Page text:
This great project keeps all the basic grilling supplies close at hand, but out of the weather when the fun is done. With a large preparation space and room for the essentials it’s a great upgrade for the outdoor chef. With spring weather in full bloom, we’re starting to cook outside more often again. From pizzas to burgers, there is always a great reason to fire up that grill Like most of you out there, the built-in flat surfaces on my grill are limited and require me to balance plates, cutting boards, spices, and utensils on the little shelf.
With that in mind, I wanted to create a surface that could be pulled out when needed, then stowed out of the way after the fire was out. I also wanted to keep spices, tools, and essentials close at hand to limit the trips into the house. This project combines a cabinet, and folding table, allowing for the entire piece to be mounted on the wall.
Step 1: Build The Box
The size of the box depends on a few key details. First, how much stuff do you plan to store outside? Don’t store liquor or other items that are sensitive to fluctuations in temperature. Second, how large a table space will fit where you plan to mount the cabinet, and how high off the ground will it be. The box should be as high off the ground as the front/support is tall. This ensures the table is level when it is down because the front becomes the support. I made mine tall, planning on standing height for the table. Table size is the inside dimension of the box, as it must nest inside the cabinet when it is folded away. I built the box with simple pine, adding a few shelves and gluing/nailing it all together (be sure the shelves are set back far enough that the table top can fit inside the box flush, so if the table is ¾” thick, be sure to leave at least that much space when cutting the shelves). The corner joints can be mitered 90 degrees, or joined in any way you feel comfortable. Make a 1/8” rabbet in the back for a flush fit, or just cut the back to fit as necessary. Keep in mind that the back will support the box when mounted to the wall, so make sure it is solidly connected to the box, or add a few supports for strength.
Here's a cut list for my project. But, really: make this any size/combination you want!
Step 2: Build The Table
The table is designed to fit flush in the middle of the box, so dimensions should reflect the inside measurements, and be sure to leave room at top and bottom for piano hinge clearance. I crafted my table from a ¾” sheet of plywood, with a 2” strip of wood around the outside for durability and looks.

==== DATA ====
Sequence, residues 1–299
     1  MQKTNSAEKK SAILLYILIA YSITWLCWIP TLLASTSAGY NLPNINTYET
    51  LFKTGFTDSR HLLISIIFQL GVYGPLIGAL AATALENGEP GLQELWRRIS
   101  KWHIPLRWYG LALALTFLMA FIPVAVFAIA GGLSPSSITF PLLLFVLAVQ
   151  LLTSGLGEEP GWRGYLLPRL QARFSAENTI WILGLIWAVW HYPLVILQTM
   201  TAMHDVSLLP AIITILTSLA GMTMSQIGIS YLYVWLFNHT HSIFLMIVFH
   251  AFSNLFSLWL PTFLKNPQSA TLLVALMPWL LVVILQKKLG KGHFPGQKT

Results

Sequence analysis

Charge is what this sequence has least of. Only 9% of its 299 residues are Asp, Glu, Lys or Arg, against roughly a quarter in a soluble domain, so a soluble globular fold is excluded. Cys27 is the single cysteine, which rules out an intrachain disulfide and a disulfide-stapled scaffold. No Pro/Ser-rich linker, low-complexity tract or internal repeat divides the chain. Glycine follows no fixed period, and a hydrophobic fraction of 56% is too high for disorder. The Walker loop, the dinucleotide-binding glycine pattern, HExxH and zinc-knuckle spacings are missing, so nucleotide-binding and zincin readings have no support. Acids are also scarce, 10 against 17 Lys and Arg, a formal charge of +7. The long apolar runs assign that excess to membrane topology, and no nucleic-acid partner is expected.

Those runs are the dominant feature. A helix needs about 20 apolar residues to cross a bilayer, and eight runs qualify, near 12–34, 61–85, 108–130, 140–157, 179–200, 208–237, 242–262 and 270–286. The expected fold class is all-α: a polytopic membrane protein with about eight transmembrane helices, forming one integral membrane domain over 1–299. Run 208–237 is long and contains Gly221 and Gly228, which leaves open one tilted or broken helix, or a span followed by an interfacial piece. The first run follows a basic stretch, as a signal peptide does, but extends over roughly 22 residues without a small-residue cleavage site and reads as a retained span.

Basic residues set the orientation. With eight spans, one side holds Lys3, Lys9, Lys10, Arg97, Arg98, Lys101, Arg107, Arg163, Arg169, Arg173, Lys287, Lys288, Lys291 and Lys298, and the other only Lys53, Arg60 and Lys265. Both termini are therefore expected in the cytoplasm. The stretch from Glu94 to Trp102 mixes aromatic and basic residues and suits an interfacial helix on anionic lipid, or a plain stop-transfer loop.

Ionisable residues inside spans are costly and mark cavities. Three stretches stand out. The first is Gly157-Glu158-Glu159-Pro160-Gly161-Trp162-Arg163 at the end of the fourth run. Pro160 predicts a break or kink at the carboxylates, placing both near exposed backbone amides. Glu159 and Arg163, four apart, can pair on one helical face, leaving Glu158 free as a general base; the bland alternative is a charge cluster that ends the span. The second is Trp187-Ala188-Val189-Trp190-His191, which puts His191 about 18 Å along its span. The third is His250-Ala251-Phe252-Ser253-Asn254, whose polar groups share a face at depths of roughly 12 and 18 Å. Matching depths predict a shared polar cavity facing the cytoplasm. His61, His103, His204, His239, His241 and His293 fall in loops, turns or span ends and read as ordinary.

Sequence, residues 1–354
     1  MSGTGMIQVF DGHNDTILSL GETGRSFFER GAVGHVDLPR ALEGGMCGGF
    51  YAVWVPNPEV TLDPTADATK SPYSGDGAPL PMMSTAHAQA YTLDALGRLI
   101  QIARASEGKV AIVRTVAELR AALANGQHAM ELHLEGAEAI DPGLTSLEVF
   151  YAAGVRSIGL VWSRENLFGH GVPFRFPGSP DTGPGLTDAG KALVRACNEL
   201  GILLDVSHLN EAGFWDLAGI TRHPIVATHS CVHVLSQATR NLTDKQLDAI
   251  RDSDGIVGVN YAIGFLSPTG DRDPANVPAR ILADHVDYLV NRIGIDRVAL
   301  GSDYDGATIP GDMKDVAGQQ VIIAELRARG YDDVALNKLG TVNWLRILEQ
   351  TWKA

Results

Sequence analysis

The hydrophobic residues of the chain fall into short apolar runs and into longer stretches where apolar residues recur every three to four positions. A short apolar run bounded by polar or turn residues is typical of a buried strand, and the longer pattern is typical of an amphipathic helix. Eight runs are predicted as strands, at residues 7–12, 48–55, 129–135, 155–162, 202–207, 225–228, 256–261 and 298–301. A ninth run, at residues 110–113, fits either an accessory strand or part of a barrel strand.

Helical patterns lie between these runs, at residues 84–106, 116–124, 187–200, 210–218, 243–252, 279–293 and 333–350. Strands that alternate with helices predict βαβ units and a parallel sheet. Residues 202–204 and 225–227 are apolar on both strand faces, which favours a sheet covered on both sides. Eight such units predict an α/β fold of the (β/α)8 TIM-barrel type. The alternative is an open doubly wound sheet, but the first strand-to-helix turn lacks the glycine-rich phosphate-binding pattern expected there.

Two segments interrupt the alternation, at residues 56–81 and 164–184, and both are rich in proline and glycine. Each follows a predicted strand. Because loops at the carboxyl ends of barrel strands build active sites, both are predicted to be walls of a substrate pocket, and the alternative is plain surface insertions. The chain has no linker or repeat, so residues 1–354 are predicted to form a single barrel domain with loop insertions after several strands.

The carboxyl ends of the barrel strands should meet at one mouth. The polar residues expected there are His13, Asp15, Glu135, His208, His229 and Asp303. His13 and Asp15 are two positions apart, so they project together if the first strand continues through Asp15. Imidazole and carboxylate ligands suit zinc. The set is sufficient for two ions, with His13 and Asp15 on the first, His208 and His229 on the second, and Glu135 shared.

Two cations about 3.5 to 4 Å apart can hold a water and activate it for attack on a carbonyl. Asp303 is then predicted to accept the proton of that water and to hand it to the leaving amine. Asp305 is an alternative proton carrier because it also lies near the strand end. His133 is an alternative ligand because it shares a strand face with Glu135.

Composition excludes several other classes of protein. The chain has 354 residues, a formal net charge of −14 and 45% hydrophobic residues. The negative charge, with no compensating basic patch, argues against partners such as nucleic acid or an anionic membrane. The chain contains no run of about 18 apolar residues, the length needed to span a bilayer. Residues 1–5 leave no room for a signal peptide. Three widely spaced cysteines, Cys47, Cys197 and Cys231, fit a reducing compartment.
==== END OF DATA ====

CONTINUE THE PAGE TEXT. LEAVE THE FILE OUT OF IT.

Step 3: Build The Front/Support
The front of the box is what is seen on the wall so feel free to dress it up a bit. I build the panel out of simple ¼” plywood with beadboard texture and a 3” wooden border for support. I then put another board around that so the front would mate up well with the box. Make sure the panel is strong enough to support the weight, because this panel will hold all the weight of the table.
Step 4: Assemble with Piano Hinges
With the table and panel complete, it’s time to match it all up with hinges. I used piano hinges because of their overall strength, low profile, and general easy installation. If the inside panel doesn’t fit right, simple trim a bit more off until the panels open and close easily. I put a hook closure on each side of the front panel to keep it all secured up on the wall.
Step 5: Finish and Mount
I threw a dark finish and outdoor protection on the outside of the cabinet, but left the inside light and clean to make it easier to see what’s in there during late evening grills. The cabinet should be mounted out of the weather, or protected with an outside layer that can stand up to the elements (that also means making the top somehow shed the water without letting it in). Mounting the box takes a bit of adjustment to make sure the table is level. I used sawhorses with a few boards shimmed underneath to get it perfectly lined up against the wall.
We had this table decked out with grilled pizzas the very night I installed it, and the different an entire space made was night and day. Fewer trips to the kitchen, a stable space, and I still managed to dump one of the fully cooked pizzas on the concrete! As spring comes into season, what projects are you doing to make the patio ready for some outdoor fun?